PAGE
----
older products can be sold in lesser developed countries o Operational flexibility .Global Strategic Management During the last half of the twentieth century. etc. wars)  Learning o Broaden learning opportunities due to diversity of operating environments . However. raw materials o Extend the product life cycle . S O URCES OF C O MP ETI TI VE A DVANTAG E F RO M A G LOB AL S TRATEG Y A well-designed global strategy can help a firm to gain a competitive advantage. This advantage can arise from the following sources:  Efficiency o Economies of scale from access to more customers and markets o Exploit another country's resources . many barriers to international trade fell and a wave of firms began pursuing global strategies to gain a competitive advantage. exchange rates.labor. some industries benefit more from globalization than do others. change over time Strategic o First mover advantage and only provider of a product to a market o Cross subsidization between countries o Transfer price Risk o o   Diversify macroeconomic risks (business cycles not perfectly correlated among countries) Diversify operational risks (labor problems. To create a successful global strategy. managers first must understand the nature of global industries and the dynamics of global competition. and some nations have a comparative advantage over other nations in certain industries.shift production as costs. earthquakes.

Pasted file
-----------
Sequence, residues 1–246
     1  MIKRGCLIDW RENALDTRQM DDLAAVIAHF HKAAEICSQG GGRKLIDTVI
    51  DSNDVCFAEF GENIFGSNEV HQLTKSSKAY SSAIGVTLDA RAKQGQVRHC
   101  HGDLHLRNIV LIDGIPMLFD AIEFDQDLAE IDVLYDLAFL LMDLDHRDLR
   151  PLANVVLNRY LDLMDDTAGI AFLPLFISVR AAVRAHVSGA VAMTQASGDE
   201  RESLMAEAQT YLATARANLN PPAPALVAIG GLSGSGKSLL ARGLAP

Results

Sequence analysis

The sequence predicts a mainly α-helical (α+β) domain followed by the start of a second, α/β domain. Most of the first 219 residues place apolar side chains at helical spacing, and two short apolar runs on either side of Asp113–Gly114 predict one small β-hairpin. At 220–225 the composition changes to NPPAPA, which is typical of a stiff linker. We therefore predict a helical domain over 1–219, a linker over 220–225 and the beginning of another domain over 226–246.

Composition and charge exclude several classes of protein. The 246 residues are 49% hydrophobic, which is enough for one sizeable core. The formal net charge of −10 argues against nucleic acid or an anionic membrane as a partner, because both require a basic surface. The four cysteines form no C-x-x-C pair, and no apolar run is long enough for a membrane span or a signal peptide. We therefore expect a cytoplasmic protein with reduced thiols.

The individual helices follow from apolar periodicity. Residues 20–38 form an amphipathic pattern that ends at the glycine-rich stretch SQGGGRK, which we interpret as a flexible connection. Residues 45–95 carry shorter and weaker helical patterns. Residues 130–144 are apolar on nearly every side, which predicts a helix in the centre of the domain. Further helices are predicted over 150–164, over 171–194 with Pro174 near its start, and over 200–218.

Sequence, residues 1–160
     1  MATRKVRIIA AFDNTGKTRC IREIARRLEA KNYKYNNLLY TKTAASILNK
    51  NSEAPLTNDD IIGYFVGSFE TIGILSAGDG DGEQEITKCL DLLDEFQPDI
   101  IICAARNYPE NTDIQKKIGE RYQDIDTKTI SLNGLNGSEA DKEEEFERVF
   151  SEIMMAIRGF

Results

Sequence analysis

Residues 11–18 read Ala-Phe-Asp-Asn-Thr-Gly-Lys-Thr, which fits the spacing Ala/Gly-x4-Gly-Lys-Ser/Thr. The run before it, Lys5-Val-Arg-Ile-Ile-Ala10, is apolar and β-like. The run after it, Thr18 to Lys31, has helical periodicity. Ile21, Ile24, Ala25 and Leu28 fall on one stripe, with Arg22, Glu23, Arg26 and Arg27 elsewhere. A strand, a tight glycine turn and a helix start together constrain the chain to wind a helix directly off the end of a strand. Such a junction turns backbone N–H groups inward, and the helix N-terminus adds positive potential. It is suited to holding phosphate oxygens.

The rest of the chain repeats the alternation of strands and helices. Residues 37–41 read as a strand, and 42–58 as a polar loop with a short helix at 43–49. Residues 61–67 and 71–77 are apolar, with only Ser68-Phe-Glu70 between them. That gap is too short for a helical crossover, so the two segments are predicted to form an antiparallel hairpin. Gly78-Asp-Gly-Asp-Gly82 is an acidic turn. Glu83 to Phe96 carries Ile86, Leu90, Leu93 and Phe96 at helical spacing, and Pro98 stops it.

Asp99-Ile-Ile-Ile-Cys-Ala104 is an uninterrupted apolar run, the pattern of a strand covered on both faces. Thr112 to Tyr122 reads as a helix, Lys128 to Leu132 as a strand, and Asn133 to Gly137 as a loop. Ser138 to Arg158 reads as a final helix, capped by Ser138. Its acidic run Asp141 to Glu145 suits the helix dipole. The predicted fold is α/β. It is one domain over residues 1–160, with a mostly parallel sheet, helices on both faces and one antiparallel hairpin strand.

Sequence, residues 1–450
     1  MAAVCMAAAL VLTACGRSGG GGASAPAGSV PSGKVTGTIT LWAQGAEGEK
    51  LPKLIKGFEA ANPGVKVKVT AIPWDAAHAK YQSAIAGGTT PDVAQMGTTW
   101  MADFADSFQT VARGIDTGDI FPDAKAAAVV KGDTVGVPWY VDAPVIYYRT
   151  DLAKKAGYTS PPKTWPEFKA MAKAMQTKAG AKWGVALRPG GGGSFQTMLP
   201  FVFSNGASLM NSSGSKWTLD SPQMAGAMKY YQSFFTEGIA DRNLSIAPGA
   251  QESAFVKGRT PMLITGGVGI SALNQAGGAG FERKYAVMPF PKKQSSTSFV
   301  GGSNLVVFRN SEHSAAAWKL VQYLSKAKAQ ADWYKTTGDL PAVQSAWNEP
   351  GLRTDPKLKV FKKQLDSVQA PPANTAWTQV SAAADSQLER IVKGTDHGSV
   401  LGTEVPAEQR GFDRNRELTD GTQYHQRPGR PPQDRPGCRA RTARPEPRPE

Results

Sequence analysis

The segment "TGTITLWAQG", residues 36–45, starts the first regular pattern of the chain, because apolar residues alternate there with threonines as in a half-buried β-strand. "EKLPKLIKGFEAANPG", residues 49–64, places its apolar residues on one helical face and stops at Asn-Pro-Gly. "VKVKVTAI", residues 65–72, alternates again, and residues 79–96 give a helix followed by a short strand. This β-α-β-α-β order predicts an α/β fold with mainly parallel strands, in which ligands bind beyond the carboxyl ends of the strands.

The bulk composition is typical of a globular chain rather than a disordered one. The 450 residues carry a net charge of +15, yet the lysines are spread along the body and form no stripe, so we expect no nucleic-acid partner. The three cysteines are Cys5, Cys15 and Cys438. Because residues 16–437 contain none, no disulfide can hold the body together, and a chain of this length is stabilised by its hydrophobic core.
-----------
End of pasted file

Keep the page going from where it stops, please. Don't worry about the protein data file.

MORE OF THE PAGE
Remember that Cost Leadership is about minimizing the cost to the organization of delivering products and services. Reputation o Crossover customers between markets . These are shown in Figure 1 below. and to organizations of all sizes. "Differentiation" (creating uniquely desirable products and services) and "Focus" (offering a specialized service in a niche market). smaller airlines try to make the most of their detailed knowledge of just a few routes to provide better or cheaper services than their larger. Simply being amongst the lowest-cost producers is not good enough. The luxury airlines. of course. developing the "edge" that gets you the sale and takes it away from your competitors. Meanwhile. there are some very different options available. international rivals. There are two main ways of achieving this within a Cost Leadership strategy:  Increasing profits by reducing costs. The cost or price paid by the customer is a separate issue! The Cost Leadership strategy is exactly that – it involves being the leader in terms of cost in your industry or market. This helps them grab market share and ensure their planes are as full as possible. Remember that Cost Focus means emphasizing cost-minimization within a focused market. T H E C O S T L EADERS H IP S TRATEG Y Porter's generic strategies are ways of gaining competitive advantage – in other words. . Why is this so? The answer is that each of these airlines has chosen a different way of achieving competitive advantage in a crowded marketplace. The terms "Cost Focus" and "Differentiation Focus" can be a little confusing. But the point we're making here is that when you come to book a flight. and Differentiation Focus means pursuing strategic differentiation within a focused market. as they could be interpreted as meaning "A focus on cost" or "A focus on differentiation". no-frills airline. These three approaches are examples of "generic strategies". Companies that are successful in achieving Cost Leadership usually have:  Access to the capital needed to invest in technology that will bring costs down. on the other hand. focus their efforts on making their service as wonderful as possible. because they can be applied to products or services in all industries. as you leave yourself wide open to attack by other low cost producers who may undercut your prices and therefore block your attempts to increase market share. The no-frills operators have opted to cut costs to a minimum and pass their savings on to customers in lower prices. They were first set out by Michael Porter in 1985 in his book Competitive Advantage: Creating and Sustaining Superior Performance. and the higher prices they can command as a result make up for their higher costs.  Increasing market share through charging lower prices. He then subdivided the Focus strategy into two parts: "Cost Focus" and "Differentiation Focus". You therefore need to be confident that you can achieve and maintain the number one position before choosing the Cost Leadership route.reputation and brand identification P OR T E R ' S G E NE R I C S T R AT E GI E S C HOOSI N G Y OU R R OU TE T O C OMP ET IT I VE A D V A NT A GE Which do you prefer when you fly: a cheap. or a more expensive operator with fantastic service levels and maximum comfort? And would you ever consider going with a small company which focuses on just a few routes? The choice is up to you. while still making a reasonable profit on each sale because you've reduced costs. further driving down cost. Porter called the generic strategies "Cost Leadership" (no frills). while charging industry-average prices.